Life expectancy at birth in the U.S. was 78.1 years in 2007, according to the Organization for Economic Cooperation and Development.
That's a year less than the OECD average of 79.1, and puts the U.S. just ahead of the Czech Republic, Poland and Mexico, where spending on health care is many times less per person, the Paris-based organization said in its latest survey of health trends among its 30 rich member countries.
Total U.S. spending on health care was $7,290 a person in 2007, nearly two-and-a-half times the OECD average of $2,984. The figures include spending by both individuals and governments.
"It suggests that the U.S. is not getting great value for its health spending, in terms of life expectancy," Gaetan Lafortune, one of the report's co-authors said.
He said the U.S. needs to look "closely at spending that has little or no value in terms of improved health."
"Life expectancy is only partly driven by how a country's health care system performs," Lafortune said.
Outside factors such as the country's higher rates of obesity and violent death, as well as mishandling of chronic conditions leading to avoidable hospital stays, play a bigger role in life expectancy rates than health care spending, Lafortune said.
Spending on health care in the U.S. grew more quickly between 1997 and 2007 than in France, Italy, Germany and Spain, averaging 3.4 percent annually over the period. The U.S. growth rate was still below the OECD average of 4.1 percent.
The U.S. far outspent the next biggest health care spenders, Norway and Switzerland, despite the fact that those countries' life expectancies are two to four years longer, according to the report.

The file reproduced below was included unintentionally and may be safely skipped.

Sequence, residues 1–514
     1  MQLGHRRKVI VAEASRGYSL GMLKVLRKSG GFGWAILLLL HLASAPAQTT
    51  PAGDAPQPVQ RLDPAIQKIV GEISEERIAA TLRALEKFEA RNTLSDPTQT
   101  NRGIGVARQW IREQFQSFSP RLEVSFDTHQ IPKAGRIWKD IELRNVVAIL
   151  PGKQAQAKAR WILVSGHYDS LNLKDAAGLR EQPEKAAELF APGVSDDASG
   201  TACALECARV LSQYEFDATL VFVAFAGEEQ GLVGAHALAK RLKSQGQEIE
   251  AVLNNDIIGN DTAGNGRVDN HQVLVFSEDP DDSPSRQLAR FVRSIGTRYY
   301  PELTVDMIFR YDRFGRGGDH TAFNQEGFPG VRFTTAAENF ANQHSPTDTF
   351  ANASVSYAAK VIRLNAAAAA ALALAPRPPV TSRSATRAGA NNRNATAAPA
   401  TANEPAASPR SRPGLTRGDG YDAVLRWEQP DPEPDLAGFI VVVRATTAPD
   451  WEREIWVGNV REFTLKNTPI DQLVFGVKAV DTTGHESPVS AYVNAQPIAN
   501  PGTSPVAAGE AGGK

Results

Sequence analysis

The report notes that, in addition to the U.S., Denmark and Hungary also have lower life expectancies than would be predicted by their relative wealth and levels of health care spending.
On the other hand, the Japanese and the Spanish live longer on average than their national income and their health care spending would predict.
The U.S. also underperforms other rich countries in the health of its youngest.
U.S. infant mortality, at 6.7 deaths per 1,000 live births, was well above the OECD average of 3.9 in 2007. Only Mexico and Turkey had worse rates of infant mortality. In Luxembourg, the top performer, the infant mortality rate was only 1.8.
The report noted that research suggests many factors beyond the quality of a country's health system, such as income inequality and individual lifestyles and attitudes, influence infant mortality rates.
Per capita spending on pharmaceuticals rose by almost 50 percent over the last 10 years in OECD countries, reaching a total of $650 billion in 2007. The U.S. was the world's biggest spender on pharmaceuticals, spending $878 per person, with Canada next at $691 per person and the OECD average at $461.
The report was released as the U.S. Senate is considering a health care overhaul promised by President Barack Obama during his presidential campaign.